Internet retailer Amazon.com Inc. and upscale auctioneer Sotheby's have abandoned attempts to maintain their sothebys.amazon.com joint effort.
In an announcement made this week, Sotheby's said the co-branded site would be absorbed within the Sothebys.com site. The merger, which requires Amazon to be paid in cash each year, will take place in the next 30 days.
“It's not a disbanding of a relationship with Amazon,” said Patty Fox, spokeswoman for Sotheby's in New York. “I mean, they're still in this. It just became clear that one marketplace makes so much more sense than two.”
Targeting new collectors, sothebys.amazon.com sold stamps, coins, dolls, and sports and Hollywood memorabilia. Sothebys.com sells traditional fine arts and antiques that are more big-ticket in nature.
Under terms of the realignment, bidders and sellers will still be able to access all of the categories from the co-branded site on Sothebys.com or from a Sothebys.com window on the auctions page at Amazon.com.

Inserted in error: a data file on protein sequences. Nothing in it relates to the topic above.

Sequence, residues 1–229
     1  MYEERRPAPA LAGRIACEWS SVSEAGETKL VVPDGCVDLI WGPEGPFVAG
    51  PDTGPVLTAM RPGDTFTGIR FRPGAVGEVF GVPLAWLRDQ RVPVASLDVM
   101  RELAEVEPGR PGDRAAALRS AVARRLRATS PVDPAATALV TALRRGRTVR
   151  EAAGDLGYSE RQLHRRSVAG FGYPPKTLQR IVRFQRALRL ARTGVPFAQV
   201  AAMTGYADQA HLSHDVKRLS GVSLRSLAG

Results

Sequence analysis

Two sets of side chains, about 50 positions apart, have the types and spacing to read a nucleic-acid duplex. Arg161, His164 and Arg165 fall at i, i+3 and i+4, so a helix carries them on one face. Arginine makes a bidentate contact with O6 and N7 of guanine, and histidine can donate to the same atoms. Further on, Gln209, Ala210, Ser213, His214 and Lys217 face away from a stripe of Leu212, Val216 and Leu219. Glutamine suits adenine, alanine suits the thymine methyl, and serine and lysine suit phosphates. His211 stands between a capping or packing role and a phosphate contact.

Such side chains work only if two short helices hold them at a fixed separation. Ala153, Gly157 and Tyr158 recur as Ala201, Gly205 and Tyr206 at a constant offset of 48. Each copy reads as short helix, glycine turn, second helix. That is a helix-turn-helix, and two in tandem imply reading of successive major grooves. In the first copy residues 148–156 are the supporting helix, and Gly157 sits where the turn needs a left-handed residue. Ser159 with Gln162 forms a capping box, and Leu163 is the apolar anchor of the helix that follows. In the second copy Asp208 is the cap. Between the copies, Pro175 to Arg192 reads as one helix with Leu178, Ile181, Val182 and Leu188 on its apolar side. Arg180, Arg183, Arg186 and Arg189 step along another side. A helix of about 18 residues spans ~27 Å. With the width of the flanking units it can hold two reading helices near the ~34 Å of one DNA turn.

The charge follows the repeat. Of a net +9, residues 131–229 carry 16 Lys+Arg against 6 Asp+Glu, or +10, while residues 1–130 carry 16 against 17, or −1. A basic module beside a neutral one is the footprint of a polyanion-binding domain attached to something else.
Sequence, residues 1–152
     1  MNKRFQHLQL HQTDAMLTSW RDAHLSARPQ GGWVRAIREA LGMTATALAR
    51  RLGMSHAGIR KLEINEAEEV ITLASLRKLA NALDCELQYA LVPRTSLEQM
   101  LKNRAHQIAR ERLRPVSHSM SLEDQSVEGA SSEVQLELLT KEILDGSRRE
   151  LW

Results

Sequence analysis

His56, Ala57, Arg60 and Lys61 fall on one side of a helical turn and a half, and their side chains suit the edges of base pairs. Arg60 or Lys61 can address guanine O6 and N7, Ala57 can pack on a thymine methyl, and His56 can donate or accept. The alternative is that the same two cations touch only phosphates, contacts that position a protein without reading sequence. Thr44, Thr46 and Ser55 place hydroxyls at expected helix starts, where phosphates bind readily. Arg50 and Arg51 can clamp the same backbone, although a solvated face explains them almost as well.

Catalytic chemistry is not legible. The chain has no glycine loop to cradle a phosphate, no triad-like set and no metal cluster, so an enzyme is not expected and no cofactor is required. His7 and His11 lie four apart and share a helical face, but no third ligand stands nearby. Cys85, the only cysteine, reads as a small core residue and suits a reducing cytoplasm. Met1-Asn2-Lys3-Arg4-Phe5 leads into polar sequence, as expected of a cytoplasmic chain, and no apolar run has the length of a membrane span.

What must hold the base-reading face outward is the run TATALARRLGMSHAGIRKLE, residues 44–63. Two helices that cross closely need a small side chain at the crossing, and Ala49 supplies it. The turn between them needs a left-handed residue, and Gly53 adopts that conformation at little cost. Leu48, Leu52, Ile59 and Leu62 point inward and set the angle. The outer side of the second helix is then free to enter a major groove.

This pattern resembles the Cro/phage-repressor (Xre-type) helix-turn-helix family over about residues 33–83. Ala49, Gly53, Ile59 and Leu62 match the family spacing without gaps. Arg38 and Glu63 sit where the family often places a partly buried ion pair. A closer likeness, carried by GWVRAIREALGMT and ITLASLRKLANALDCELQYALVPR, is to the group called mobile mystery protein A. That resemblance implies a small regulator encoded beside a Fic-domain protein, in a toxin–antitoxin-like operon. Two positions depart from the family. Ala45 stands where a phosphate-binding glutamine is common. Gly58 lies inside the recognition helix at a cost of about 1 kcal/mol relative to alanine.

Sothebys.com will remain Amazon's exclusive online auction aggregator for authenticated fine arts, antiques and collectibles. And Amazon will place Sothebys.com prominently on its site and will promote the auctioneer to its customers.
Between Sothebys.com and sothebys.amazon.com, the two sites sold more than 60,000 works of antiques, arts and collectibles in only 10 months.
In addition to the economics of maintaining two sites, the merger was based on customer feedback as well, according to Sotheby's.
“It's really a natural evolution of our business,” Fox said. “We found their customers were buying across several different categories and looking for property within different categories, and to provide all of that in one location really makes a lot of sense.”